Childhood Obesity Linked to Depression

It affects boys as well as girls

MONDAY, April 7, 2003 (HealthDayNews) -- Children who are chronically obese may carry the weight of the world on their shoulders -- or at least feel as if they do.

A new study shows that kids who are substantially overweight throughout much of their childhood and adolescence have a higher incidence of depression than those who aren't.

The research, published in the April issue of Pediatrics, studied nearly 1,000 children for a period of eight years to learn whether being obese had any links to psychological problems.

"The most significant finding was that chronic obesity is linked to psychiatric disorders in children and adolescents," says Sarah Mustillo, study author and a researcher in the Department of Psychiatry and Behavioral Sciences at Duke University School of Medicine.

Although media attention is often focused on the weight of young girls, surprisingly it was young boys who were at greatest risk for weight-related depression. However, the study also found that chronically obese boys and girls were at risk for "oppositional defiant disorder" -- a behavior problem typified by combative, hostile or uncooperative behavior toward authority figures.

While the study makes a clear association between chronic obesity and psychological problems, what it doesn't do is draw a line of blame from one to the other. According to Mustillo, researchers don't know for sure what comes first -- the depression or the obesity.

"If I had to speculate about the connection, I would propose two possible avenues -- social and neuroendocrine," Mustillo says.

First, she says, obesity could influence treatment -- such as teasing -- from peers that, in turn, courts depression. Perhaps more important, Mustillo points out that both obesity and psychological disorders may share a brain chemistry that is ultimately responsible for both problems.

For childhood obesity expert Dr. Henry Anhalt, the real value of this study is not just the links to psychological problems, but the recognition that the cause of obesity is not the same for all affected.

"What is of enormous importance in this study is the recognition that obesity is not a clear-cut and simple problem, that it is not the same for every person," says Anhalt, director of pediatric endocrinology at Infants and Children's Hospital of Brooklyn at Maimonides Medical Center in New York City.

What the study really shows, he says, is how complex a problem obesity is -- particularly in children -- and the need for a wide variety of treatment options.

"I think the real breakthroughs in treatment will come when we fully recognize all the ways in which obesity can affect an individual patient," Anhalt says.

The new study involved 991 white children from the Great Smokey Mountains in North Carolina, aged 9 to 16. Each child was evaluated yearly for eight years for changes in height, weight, psychiatric status and a condition Mustillo called "vulnerability towards psychiatric disorder."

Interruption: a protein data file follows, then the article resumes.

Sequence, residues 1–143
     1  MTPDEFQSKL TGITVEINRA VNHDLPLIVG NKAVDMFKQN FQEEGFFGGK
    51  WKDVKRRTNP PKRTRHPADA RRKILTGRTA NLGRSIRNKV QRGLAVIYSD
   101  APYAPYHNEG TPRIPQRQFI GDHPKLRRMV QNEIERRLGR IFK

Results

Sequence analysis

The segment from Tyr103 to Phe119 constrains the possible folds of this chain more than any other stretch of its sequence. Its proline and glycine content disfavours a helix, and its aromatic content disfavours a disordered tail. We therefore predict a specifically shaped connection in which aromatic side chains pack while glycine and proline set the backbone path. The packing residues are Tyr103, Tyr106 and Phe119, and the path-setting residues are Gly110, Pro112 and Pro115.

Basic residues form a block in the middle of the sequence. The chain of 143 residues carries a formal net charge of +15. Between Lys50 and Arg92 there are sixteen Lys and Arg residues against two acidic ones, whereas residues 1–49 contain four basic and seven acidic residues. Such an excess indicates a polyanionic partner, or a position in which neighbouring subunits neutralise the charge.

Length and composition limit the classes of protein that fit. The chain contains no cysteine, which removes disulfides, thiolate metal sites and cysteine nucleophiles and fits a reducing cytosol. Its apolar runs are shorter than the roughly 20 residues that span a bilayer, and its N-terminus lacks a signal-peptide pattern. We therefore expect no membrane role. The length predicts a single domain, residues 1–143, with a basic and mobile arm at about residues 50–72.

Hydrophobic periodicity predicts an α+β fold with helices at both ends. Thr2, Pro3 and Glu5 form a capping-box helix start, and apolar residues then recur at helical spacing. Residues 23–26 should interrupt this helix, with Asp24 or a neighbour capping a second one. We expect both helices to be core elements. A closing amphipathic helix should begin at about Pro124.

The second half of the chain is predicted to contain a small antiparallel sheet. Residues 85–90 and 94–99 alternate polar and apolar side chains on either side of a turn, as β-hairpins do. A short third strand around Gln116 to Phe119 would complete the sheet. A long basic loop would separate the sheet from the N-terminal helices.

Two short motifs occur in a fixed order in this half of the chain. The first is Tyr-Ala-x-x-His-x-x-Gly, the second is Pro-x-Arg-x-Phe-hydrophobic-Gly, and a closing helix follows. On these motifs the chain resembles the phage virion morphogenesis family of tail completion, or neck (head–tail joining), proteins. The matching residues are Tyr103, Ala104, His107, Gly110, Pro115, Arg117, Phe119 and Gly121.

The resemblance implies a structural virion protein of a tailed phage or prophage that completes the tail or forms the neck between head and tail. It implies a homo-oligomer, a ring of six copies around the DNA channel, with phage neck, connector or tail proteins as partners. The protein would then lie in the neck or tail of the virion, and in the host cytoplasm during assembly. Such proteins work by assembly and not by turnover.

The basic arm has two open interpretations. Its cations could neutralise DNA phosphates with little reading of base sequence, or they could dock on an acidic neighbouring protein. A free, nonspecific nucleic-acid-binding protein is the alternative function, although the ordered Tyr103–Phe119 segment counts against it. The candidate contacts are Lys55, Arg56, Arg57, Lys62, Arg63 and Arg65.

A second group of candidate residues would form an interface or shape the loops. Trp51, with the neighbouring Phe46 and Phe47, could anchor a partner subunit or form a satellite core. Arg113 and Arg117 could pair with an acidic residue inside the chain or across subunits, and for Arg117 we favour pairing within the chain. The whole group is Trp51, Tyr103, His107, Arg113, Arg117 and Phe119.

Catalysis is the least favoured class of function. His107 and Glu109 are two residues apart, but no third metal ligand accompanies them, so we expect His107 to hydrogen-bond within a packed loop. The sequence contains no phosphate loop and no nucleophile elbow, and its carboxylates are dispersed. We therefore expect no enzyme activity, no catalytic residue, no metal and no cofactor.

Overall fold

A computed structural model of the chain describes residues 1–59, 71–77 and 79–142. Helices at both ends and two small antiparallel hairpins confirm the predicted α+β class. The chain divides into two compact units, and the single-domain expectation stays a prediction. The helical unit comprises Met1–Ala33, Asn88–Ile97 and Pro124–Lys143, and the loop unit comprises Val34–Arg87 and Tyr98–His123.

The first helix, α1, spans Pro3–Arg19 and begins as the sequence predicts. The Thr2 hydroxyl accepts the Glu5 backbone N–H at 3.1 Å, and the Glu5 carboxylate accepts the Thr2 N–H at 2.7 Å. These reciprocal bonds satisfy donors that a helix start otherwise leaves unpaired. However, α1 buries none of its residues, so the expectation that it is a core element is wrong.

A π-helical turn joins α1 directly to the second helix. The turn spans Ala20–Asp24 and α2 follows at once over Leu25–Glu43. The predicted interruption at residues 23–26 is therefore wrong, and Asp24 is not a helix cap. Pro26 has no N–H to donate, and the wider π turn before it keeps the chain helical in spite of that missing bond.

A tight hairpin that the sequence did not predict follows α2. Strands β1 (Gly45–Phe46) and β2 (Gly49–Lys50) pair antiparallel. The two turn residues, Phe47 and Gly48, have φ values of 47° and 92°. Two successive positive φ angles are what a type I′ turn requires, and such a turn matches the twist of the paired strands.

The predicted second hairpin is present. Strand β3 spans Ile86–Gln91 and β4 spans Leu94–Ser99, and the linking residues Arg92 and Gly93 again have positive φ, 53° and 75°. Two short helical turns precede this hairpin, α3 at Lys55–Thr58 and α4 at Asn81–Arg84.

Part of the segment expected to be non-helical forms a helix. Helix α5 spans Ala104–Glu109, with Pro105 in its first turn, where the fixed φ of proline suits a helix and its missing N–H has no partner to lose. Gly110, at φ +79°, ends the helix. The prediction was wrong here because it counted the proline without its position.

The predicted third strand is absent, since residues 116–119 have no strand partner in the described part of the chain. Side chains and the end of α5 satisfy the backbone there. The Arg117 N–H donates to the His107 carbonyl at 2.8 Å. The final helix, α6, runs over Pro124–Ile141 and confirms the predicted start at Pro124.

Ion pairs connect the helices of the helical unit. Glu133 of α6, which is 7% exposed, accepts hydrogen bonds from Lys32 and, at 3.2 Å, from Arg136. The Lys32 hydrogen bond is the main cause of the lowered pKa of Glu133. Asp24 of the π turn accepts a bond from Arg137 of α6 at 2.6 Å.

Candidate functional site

The researchers also divided the children into four groups according to weight specifics: Non-obese (73 percent); chronically obese -- lasting through childhood and adolescence (15 percent); obese only as young children (5 percent); and obese only as adolescents (7 percent).

Since there is no accepted standard of obesity in children, those classified as such were significantly overweight.

After analyzing all the data, two distinct factors defined the research, Mustillo says. First was the realization that childhood obesity in the United States is a greater problem than anyone thought -- some three to four times more common than what had been projected nationally by the U.S. Centers for Disease Control and Prevention in 2000.

Second, the researchers learned that children who were chronically obese had an increased risk for psychiatric disorders -- specifically, depression, which was greater for boys than girls, and oppositional defiant disorder, the same for both boys and girls. Children in the other weight categories did not share the same risks.

Based on her findings, Mustillo offers this advice: "In dealing with children who are already obese, parents may do well to emphasize the health aspects as opposed to the appearance aspects of losing weight ... and both doctors and parents should encourage, model and support nutritious eating and higher levels of physical activity."

More information

To learn more about how to help your child overcome obesity, check out the free booklet What's A Parent To Do, from the U.S. Department of Agriculture. For more information on depression in children, visit The National Alliance for the Mentally Ill.

SOURCES: Sarah Mustillo, Ph.D., researcher, Department of Psychiatry and Behavioral Sciences, Duke University School of Medicine, Durham, N.C.; Henry Anhalt, M.D., director, pediatric endocrinology, Infants and Children's Hospital of Brooklyn, Maimonides Medical Center, New York City; April 2003 Pediatrics
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